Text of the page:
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06-06-2006
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Quote:
Originally Posted by fashionista-ta
Two points ... I can tell you haven't spent much time here by your very first sentence. I have spent more than $500 on portions of an outfit, and at no point was my motivation to look rich.

I am not rich; I am middle class. I completely understand that there are people who feel they must shop at that hellhole called Wal-mart because price sensitivity is their #1 motivation. I am fortunate that I do have disposable income, and while I am not the perfect ethical consumer, virtually all the choices I make are mindful. You don't have to be in the top 1% to have and make ethical purchasing choices. There's a much broader group of us who have that power, and I hope we all use it for good.
My question for you then is: WHY? Why would you spend $500 on portions of an outfit if it's not to look rich? What possible motivation could someone have for spending that much on an outfit other than wanting to look rich? Just saying the word "mindful" does not tell me much. EDIT: What's wrong with looking around more and more until you can find something that comes close but costs less?

Why do people spend so much on diamonds when cubic zarconia looks just as good unless one is using a jewlers' magnifying glass? It really doesn't make any sense to me. Please enlighten me.

EDIT: I also needed to add, again, that it can't be about poor people making more money, because an individual selling a whole outfit for thousands is making a KILLING on that sale--material doesn't cost jack, and it's not going to take an experienced clothes-maker very much time at all to make an outfit, so it's not the time it takes to make the outfit. Clothing doesn't cost jack to make, no matter who makes it.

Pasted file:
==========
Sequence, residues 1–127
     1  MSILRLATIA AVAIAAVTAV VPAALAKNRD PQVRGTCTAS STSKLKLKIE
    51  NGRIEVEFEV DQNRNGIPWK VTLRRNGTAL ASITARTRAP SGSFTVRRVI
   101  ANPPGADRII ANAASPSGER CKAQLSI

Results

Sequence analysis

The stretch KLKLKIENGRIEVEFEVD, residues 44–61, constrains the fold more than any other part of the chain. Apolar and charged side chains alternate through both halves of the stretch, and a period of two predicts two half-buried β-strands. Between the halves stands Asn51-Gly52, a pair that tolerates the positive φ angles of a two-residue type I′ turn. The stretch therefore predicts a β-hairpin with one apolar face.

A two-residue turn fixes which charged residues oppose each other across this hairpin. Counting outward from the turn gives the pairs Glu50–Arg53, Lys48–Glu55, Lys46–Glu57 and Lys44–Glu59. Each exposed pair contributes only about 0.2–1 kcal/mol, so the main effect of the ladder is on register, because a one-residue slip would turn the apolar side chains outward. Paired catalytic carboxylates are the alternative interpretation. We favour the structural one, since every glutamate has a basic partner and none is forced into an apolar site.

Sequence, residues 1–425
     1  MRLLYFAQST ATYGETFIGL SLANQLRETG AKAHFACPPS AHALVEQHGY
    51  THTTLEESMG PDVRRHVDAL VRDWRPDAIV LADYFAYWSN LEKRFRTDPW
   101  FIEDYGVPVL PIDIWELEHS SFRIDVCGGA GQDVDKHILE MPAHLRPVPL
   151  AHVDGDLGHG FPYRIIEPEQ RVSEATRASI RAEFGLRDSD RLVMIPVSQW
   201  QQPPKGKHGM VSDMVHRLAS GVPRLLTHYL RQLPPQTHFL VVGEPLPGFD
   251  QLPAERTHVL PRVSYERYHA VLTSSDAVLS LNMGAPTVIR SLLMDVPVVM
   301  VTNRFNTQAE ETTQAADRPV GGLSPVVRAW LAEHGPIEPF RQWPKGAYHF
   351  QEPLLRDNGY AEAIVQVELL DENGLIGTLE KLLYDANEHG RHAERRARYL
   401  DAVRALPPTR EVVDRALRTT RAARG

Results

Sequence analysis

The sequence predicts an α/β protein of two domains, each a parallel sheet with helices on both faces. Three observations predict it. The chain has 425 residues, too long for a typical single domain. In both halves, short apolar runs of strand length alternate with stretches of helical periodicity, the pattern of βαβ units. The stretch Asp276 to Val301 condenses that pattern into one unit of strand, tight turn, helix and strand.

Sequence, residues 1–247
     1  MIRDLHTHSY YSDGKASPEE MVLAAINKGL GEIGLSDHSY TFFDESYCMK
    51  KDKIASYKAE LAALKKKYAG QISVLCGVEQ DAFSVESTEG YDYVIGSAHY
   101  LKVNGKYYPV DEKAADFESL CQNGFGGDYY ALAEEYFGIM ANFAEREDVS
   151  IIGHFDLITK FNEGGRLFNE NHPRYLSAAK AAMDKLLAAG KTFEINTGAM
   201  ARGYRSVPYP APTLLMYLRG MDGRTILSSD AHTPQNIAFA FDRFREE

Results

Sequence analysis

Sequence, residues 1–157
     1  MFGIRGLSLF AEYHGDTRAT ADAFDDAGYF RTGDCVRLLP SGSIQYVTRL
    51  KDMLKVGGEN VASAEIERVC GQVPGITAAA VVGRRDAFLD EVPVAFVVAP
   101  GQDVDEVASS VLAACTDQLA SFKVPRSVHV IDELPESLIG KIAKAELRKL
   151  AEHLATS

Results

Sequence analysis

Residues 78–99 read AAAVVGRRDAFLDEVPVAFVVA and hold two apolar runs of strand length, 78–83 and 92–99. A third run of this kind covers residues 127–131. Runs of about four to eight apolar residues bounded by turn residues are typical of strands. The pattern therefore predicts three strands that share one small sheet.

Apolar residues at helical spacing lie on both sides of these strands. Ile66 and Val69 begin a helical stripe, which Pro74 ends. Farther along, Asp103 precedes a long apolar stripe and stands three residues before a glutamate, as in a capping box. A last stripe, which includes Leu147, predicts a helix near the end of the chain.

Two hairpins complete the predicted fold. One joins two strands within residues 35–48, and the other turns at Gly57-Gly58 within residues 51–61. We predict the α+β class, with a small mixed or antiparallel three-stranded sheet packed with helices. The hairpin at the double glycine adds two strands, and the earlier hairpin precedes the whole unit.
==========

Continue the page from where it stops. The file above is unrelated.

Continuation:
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Last edited by Kizzume; 06-06-2006 at 06:15 PM.
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06-06-2006
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Something else I needed to add--If it starts becoming accepable to spend rediculous amounts on clothing, then the price of ALL clothing will start to go up, and that's not something that most people living in this country can afford. If a corporation thinks they can get away with it, they will try.

T-shirts should never be above $40. Dress shirts should never be above $100. Blouses should never be above $100. Jeans or slacks should never be above $100. Dresses should never be above $350. Skirts should never be above $200. Shoes should never be above $200 and boots should never be above $350. Socks (single pair) should never be above $30 (unless they have a bunch of things sewn into them, and then they should never be above $50). Jewlery should never be above $400.

I never spend more than $20 for a t-shirt, or more than $40 for a dress shirt, or more than $50 for jeans or slacks (with rare exceptions). I never spend more than $100 for shoes, or $200 for boots. I never spend more than $10 for a single pair of socks. I never spend more than $50 for jewlery. I don't shop at walmart, and I try to buy as many clothes that are not made at sweat shops as I can, but sometimes it's impossible to avoid. When I'm really in financial trouble, I shop at thrift stores.